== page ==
Rocktember: Day Two At Grand Casino Hinckley In Hinckley, Minnesota 9/10/2022




Apparently, this is a festival that the Grand Casino, up in the Great White North of Hinckley Minnesota, has hosted for 10 years now. Over the course of two days in early September, Rocktember Music Festival sets the stage for upwards of fifteen hard rock and metal acts to strut their stuff.

I live just outside of Chicago, so this was quite the road trip for me. After seven and a half hours of interchanges and chicken coop transport trucks, I had arrived at this beautiful venue. I have to begin by telling you how clean and well organized this was. This business of rock and roll can be turbulent, and things very rarely go as planned. Soundboards and electronics taking a dump, bands needing more time, security having an issue with a knucklehead or two (or dozens), and the infamous “I don’t see anything here for you” when I go to get my credentials. This is what I expected because, honestly, it’s fairly standard in my experience. No sweat though, I’m ready.

I walked up to the gate, they sent me to will call, everything was there waiting for me. Got into the pit, talked with some great and competent security folks, and the crowd was chock full of “my people.” No incidents, no drama, just a great time for everyone beyond the front gate.

The night before (Friday, September 9) I saw Jackyl headline a seven band extravaganza. This was the night after and I was preparing to see eight bands, with ex-Cinderella frontman Tom Keifer as a headliner. The first act, Burning Witches was scheduled for 1:00pm and Keifer was to hit the stage at 9:15pm, and I’ll be damned if that didn’t happen. Not sure how they defy the laws of rock and roll shitshow, but kudos to the Rocktember staff. Bravo!!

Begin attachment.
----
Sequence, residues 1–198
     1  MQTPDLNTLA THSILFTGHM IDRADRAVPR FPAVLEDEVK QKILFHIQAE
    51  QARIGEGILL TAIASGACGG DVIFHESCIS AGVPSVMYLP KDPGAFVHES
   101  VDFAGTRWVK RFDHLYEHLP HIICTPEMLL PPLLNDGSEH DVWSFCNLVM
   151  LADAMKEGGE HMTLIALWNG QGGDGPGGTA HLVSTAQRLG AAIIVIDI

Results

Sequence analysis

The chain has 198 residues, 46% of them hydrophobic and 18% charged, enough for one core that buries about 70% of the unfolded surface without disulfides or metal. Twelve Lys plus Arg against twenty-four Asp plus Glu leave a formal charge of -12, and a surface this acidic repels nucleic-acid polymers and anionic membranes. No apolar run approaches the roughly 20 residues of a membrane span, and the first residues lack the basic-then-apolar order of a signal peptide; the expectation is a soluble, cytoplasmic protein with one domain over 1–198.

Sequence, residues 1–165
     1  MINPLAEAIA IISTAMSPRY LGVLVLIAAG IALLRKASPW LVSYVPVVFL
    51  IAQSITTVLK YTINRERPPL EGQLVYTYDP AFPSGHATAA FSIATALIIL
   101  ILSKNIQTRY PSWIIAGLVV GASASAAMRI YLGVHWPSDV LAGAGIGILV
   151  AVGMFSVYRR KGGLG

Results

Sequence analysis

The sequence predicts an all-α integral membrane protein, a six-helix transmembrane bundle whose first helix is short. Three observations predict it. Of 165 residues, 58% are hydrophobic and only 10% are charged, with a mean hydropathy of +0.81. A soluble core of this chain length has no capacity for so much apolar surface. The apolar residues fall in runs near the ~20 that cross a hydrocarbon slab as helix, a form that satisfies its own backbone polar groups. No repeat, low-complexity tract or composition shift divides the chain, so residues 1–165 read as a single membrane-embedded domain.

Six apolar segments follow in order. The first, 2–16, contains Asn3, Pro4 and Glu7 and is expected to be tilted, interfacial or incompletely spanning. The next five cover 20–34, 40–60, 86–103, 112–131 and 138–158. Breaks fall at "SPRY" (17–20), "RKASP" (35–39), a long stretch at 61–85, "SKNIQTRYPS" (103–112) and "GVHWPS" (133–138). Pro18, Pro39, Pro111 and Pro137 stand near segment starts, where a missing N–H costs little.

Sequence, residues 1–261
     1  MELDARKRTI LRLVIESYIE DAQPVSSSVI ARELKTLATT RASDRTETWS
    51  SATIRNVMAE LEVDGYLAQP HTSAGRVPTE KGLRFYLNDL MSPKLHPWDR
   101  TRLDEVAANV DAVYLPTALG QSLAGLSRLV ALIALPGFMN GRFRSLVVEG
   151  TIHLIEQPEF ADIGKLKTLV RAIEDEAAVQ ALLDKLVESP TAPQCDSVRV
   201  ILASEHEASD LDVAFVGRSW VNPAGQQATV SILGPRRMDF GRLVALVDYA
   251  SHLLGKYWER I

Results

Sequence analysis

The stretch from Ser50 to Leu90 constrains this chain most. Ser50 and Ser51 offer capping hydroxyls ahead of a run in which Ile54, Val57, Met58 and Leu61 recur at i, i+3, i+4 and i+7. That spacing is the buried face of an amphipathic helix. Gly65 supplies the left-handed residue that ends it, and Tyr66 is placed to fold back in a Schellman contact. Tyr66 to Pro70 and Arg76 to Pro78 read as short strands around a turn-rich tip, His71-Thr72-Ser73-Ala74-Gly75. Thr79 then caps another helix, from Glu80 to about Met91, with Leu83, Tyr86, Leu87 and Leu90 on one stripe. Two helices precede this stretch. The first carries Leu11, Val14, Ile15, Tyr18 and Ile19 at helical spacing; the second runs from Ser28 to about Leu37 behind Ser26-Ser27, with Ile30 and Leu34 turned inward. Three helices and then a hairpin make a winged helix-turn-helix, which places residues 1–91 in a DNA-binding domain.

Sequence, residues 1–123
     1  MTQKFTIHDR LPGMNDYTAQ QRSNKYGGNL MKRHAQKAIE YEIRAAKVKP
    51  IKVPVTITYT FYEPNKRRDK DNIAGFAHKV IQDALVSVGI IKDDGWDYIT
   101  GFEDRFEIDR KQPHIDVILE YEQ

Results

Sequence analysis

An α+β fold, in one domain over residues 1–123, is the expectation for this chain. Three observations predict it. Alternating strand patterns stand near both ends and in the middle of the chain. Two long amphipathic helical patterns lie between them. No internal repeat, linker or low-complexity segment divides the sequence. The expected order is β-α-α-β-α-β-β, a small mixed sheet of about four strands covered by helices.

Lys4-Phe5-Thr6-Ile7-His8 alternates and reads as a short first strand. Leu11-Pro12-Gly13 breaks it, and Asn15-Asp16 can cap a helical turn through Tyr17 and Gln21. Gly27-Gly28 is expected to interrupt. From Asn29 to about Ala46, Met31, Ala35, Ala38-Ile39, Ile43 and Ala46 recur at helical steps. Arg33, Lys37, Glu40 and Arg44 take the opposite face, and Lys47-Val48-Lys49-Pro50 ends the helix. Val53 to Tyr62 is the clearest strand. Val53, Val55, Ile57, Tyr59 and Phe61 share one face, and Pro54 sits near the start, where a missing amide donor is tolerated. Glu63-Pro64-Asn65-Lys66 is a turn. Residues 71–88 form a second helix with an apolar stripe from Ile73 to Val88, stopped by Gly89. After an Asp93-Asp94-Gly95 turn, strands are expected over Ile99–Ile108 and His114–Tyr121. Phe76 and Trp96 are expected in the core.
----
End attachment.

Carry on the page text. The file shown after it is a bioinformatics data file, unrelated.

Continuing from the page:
One of the bands I was most excited to see was the first of the day was Burning Witches. This all-female band not only photographs well, but they kiss your ears with a brutal punch of pure metal. In a festival where the majority of acts are of the hair metal persuasion, Burning Witches stands out as a bit more punishing than the rest. Once you get past the absolute perfection of singer Laura Guldemond’s appearance (and it takes some time), you realize that she is as talented as she is beautiful. As she and the rest of the band made great use of the long catwalk, prowling and slinking like a small zoo of gorgeous wildcats, I was pleased that it never detracted from the bombast that they were delivering through the speakers. This entire band looks great on a t-shirt, but they sound even better as their playing punches you in the gut. A startling image and super high energy with great songs and musicianship. Look for Burning Witches to be headlining a few of these festivals in the future.


Burning Witches

Laura Guldemond – vocals

Larissa Ernst – guitar

Jeanine ”Jay” Grob – bass

Romana Kalkuhl – guitar

Lala Frischknecht – drums




1.) Executed

2.) Wings Of Steel

3.) Flight Of The Valkyries

4.) Hexenhammer

5.) Black Widow

6.) Burning Witches